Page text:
While direct deals are financially beneficial to publishers, they do have drawbacks. Most notably, they are time-consuming to prepare and difficult to scale across a large user base due. They require a lot of operational overhead including contract negotiations and manual coordination. All the same, direct deals are worth considering when they have value to advertisers and can drive high payouts.

Ad networks

While direct deals excel in a one-to-one marketing relationship, ad networks let publishers sell inventory on a greater scale more reliably. Ad networks first appeared in online advertising’s early days to act as intermediaries between publishers and advertisers. After partnering with an ad network, publishers incorporate a small SDK into an app’s code that requests and deploys ads from a centralized ad server.

Ad networks are immensely useful when it comes to pairing inventory supply with advertiser demand, although not all networks treat impressions equally. Some curate high-value inventory and resell to advertisers at a premium price. Others collect unsold inventory, combine the impressions into bundle deals, and sell them at a remnant price. Specialist networks will even sell inventory by industry vertical to ensure relevancy for advertisers.

In the early days of SDK ad networks, a publisher typically contacted a representative who directly managed their account. Today, many networks also offer self-service dashboards to manage inventory and data analysis reports. SDK networks will likely have a bigger role in the years ahead as IDFA-based ad models fall away, placing a renewed emphasis on direct yet scalable relationships.

Did You Know?: While some other mobile ad networks only pay developers when users click on the ads they serve, Vungle offers publishers ad revenue based on a flat CPM rate. This aims to get publishers paid top dollar for their ad impressions, no matter what.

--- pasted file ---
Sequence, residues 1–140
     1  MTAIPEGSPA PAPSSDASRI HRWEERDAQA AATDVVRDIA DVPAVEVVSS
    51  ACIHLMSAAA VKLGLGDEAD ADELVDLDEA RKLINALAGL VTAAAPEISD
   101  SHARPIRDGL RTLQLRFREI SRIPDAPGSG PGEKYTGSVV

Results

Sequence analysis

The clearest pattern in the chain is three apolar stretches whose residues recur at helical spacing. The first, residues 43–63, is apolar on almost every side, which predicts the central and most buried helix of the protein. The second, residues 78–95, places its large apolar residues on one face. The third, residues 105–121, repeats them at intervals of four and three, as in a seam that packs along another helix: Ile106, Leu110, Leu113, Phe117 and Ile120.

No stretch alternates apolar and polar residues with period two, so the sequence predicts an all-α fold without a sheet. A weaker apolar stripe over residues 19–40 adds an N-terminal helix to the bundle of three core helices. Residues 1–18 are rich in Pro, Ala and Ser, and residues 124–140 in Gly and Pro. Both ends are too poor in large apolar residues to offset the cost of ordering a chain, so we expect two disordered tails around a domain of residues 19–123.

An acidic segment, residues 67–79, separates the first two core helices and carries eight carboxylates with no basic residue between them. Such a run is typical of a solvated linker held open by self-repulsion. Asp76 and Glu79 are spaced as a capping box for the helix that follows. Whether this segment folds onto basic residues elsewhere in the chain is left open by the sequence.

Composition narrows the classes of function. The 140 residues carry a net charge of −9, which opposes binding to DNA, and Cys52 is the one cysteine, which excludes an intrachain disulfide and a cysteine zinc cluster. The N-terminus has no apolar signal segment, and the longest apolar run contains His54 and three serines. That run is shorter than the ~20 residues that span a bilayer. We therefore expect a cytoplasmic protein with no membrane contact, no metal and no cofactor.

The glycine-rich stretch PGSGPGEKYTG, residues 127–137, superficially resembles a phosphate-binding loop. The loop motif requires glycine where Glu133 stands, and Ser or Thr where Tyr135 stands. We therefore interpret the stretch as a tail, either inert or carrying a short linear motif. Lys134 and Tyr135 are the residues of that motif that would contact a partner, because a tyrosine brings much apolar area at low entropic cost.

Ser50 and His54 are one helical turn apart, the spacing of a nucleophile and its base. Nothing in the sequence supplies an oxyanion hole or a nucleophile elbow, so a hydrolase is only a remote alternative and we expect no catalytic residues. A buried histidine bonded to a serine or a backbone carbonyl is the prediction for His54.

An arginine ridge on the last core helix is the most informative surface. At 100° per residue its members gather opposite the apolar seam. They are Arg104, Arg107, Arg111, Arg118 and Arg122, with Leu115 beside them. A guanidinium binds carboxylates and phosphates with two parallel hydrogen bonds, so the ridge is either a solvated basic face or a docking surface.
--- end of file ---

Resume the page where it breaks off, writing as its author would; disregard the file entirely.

Want to learn more? Get in touch with us today!

Ad waterfalls

Unless contractually stated, mobile publishers are typically not limited to using a single ad network. Adding multiple SDKs to an app grants access to a broader array of advertisers, although one would need to manually prioritize each demand source using some kind of technical solution like an SSP. To do so, publishers can implement an app waterfall that distributes valuable inventory to premium networks before unsold inventory goes to non-premium sources.

While only one network will ultimately gain each impression, ad waterfalls leverage historical performance data to ensure high-spend networks get the first shot at claiming audience impressions. The benefit being that as more impressions are called and the quality of ad that any individual network is able to return starts to decline, publishers can revert to the next highest ad network in order to keep earnings high.

Traditional ad waterfall diagram Vungle blog

In 2020, waterfalls are the most common way to get advertisers on your app, but they are not the most efficient. For example, if a non-premium advertiser will pay more for a specific ad impression than a premium ad partner, they still have to wait until the latter turns the opportunity down. For publishers, this limits potential revenue that would otherwise be gained by prioritizing competitive advertisers.

Another concern with waterfalls occurs when publishers integrate too many SDKs into their apps. If not optimized effectively, this leads to “SDK bloat” which can introduce a number of performance issues like latency and maintenance cost, as well as surface development challenges like coming up against method limits.

Programmatic ad options

Programmatic advertising is a relatively recent innovation. It allows media buyers to purchase inventory at scale based on the audience they wish to target, rather than focusing on a single channel. This dynamic is achieved through an ad sales process known as real-time bidding (RTB) that sees inventory sold in a unified auction as opposed to a sequential order. The programmatic ecosystem has multiple entry points and specific use cases for publishers.